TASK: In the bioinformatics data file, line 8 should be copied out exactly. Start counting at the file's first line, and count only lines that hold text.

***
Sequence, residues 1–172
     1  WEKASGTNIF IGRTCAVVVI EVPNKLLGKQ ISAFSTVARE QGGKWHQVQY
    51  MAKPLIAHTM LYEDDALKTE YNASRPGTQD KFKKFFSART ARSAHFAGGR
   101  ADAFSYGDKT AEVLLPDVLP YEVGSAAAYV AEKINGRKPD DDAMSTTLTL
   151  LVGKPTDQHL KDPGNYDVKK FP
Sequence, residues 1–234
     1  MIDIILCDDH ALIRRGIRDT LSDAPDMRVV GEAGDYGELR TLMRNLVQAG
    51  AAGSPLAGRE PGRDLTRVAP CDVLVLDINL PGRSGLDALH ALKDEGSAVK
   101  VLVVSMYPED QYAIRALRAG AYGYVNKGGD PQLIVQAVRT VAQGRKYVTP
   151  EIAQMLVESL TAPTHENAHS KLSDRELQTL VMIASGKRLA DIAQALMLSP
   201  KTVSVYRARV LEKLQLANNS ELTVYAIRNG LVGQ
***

    51  AAGSPLAGRE PGRDLTRVAP CDVLVLDINL PGRSGLDALH ALKDEGSAVK